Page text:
Wong, et al v. Wells Fargo Bank N.A. et al
ORDER denying 467 plaintiffs' MOTION for Leave to File an Eighth Amended Complaint. All claims against JPM-Bank One are DISMISSED WITH PREJUDICE. Signed on 3/25/13 by Chief District Judge Fernando J. Gaitan, Jr. (Enss, Rhonda)
IN THE UNITED STATES DISTRICT COURT
WESTERN DISTRICT OF MISSOURI
JAMES G. WONG, et al.,
individually and on behalf of all those
BANN-COR MORTGAGE, et al.,
) No. 10-1038-CV-W-FJG
Pending before the Court is Plaintiffs’ Motion for Leave to File Eighth Amended
Complaint (Doc. No. 467), filed pursuant to the Court’s Order (Doc. No. 462), which
gave plaintiffs an opportunity to attempt to plead facts stating a claim against JP Morgan
Chase Bank, N.A., as successor to Bank One, N.A. (“JPM-Bank One”) within the statute
of limitations as to additional members of the second mortgage class. See Doc. No.
462, p. 12-13.
Plaintiffs assert that if granted leave, they would file an Eighth Amended
Complaint asserting that (1) Bann-Cor loaned Jerri Gaither money on August 11, 1999,
and Gaither continued to make payments on that loan to JPM-Bank One and others
until December 2002; (2) Bann-Cor loaned G. Raymond Hefner and Leann M. Hefner
money on January 19, 2000, and the Hefners continued to make payments on that loan
to JPM-Bank One and others until November 2003; (3) Bann-Cor loaned Casey J.
Hoffman money on January 22, 2000, and Hoffman continued to make payments on
that loan to JPM-Bank One and others until some unnamed date; and (4) Bann-Cor
loaned Armond I Kocsis and Peggy A Kocsis money on June 19, 1999, and the
Kocsises continued to make payments on the loan until August 2004.
acknowledge that, given the Court’s prior rulings and the facts set forth above, plaintiffs
expect that leave to file the proposed amendments will be denied as futile. Plaintiffs
acknowledge that the public record indicates that payments on each of the above four
loans would have ceased before April 2006, the date on which Plaintiffs Patrick and
Natalie Nasi repaid their Bann-Cor loan, and the date on which the Court has already
found “there is no theory under which the Court can find that the Nasis ‘discovered’ the
problems with the loan over five years1 after they stopped making payments on the
loan, just so as to reignite the statute of limitations.” See Doc. No. 462, p. 12.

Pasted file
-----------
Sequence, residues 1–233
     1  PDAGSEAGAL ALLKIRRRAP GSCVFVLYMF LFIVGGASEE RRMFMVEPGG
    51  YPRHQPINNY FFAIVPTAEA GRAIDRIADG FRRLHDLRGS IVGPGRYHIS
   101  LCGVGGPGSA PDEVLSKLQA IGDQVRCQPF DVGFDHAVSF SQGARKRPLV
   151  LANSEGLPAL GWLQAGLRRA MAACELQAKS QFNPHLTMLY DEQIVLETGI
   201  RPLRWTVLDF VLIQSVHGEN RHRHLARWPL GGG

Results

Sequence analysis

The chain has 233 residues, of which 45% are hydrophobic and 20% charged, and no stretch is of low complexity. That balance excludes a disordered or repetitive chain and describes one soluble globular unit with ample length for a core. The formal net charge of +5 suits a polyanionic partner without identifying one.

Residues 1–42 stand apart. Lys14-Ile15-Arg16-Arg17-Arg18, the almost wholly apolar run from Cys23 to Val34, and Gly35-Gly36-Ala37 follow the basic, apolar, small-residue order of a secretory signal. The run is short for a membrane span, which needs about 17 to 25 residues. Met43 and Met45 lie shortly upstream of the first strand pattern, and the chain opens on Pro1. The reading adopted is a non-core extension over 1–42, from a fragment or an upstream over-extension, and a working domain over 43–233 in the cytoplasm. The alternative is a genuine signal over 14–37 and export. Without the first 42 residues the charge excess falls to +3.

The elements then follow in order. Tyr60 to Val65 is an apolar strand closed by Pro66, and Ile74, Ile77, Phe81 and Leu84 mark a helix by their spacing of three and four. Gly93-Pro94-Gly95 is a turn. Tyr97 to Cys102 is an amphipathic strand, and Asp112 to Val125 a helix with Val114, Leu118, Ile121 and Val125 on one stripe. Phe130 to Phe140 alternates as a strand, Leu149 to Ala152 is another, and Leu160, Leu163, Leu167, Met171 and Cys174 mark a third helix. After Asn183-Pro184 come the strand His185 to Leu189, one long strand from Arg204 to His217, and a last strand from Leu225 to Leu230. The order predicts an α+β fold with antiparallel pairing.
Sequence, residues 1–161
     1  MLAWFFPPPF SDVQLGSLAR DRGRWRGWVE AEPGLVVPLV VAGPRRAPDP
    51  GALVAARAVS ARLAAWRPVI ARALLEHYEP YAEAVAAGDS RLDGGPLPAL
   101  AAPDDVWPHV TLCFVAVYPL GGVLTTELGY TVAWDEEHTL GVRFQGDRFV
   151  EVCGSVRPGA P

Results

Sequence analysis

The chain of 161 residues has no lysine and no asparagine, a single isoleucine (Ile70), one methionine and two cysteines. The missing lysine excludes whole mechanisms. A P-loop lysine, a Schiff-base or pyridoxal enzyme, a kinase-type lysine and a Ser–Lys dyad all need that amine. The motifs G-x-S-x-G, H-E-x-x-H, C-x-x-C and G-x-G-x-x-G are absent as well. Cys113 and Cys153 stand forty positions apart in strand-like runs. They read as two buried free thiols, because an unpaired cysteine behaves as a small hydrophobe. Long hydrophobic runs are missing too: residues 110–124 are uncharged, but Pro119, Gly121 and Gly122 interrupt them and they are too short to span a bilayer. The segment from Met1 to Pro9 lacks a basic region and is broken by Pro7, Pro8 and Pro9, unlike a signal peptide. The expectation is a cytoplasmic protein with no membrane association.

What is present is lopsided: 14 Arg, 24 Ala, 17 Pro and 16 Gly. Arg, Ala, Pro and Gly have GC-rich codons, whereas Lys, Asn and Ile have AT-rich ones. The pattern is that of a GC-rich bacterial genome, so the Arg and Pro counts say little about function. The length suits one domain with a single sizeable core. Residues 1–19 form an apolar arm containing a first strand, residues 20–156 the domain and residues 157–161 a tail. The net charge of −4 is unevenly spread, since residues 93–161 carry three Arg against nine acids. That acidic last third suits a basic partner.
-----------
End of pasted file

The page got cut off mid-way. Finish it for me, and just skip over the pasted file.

In response, defendant JPM-Bank One asserts that the claims of all four of the
proposed plaintiff loans are barred by the statute of limitations, as (1) the plaintiffs sued
JPM-Bank One more than three years after their loans closed, given that defendant
JPM-Bank One was not named as a defendant until 2011; (2) even under plaintiffs’
continuing violation theory, which the Court has rejected, payments were complete on
all four of the proposed plaintiff loans more than three years prior to the naming of
JPM-Bank One as a defendant in this lawsuit2; (3) even under more extreme theories,
The Court said five years in its previous order because plaintiffs did not name
JPM-Bank One as a defendant until the filing of their Seventh Amended Complaint in
October 2011. Plaintiffs argue that Bank One was joined as a defendant in September
2010 (see Doc. No. 467, p. 10). However, the defendant that was joined in 2010 in the
Sixth Amended Complaint was “Banc One, N.A.,” not “JPM-Bank One.” Regardless,
even if the Court considered the applicable date to be September 2010, that cannot
save plaintiffs’ claims when a three-year statute of limitations applies.
Notably, although plaintiffs do not assign an end date to the Hoffman loan within their
proposed Eighth Amended Complaint, defendant attaches to its opposition a publicly
recorded assignment indicating that JPM-Bank One sold and assigned the Hoffman
deed of trust, promissory note, and the money due on it to a third party on August 13,
2004. Doc. No. 476, Ex. A.
such as using a six-year statute of limitations, finding that the cause of action did not
accrue until the plaintiffs ceased paying on the loans, and treating the September 22,
2010 petition as naming JPM-Bank One, defendant JPM-Bank One was still not timely
named as defendant as to any of the four proposed plaintiff loans. Plaintiffs have filed
reply suggestions focusing entirely on the propriety of the Court’s previous ruling that a
three-year statute of limitations applies; plaintiffs do not address defendant’s arguments
that, even if the Court found a six-year statute of limitations and continuing violation
theory to be applicable, there is still absolutely no theory under which plaintiffs could be
found to have timely named defendant JPM-Bank One in this matter.
Therefore, for the reasons stated by defendant JPM-Bank One, plaintiffs’ motion
for leave to file an Eighth Amended Complaint (Doc. No. 467) will be DENIED. All
claims against JPM-Bank One are DISMISSED WITH PREJUDICE.
IT IS SO ORDERED.
Dated: March 25, 2013
Kansas City, Missouri
/s/ FERNANDO J. GAITAN, JR.
Fernando J. Gaitan, Jr.
Chief United States District Judge
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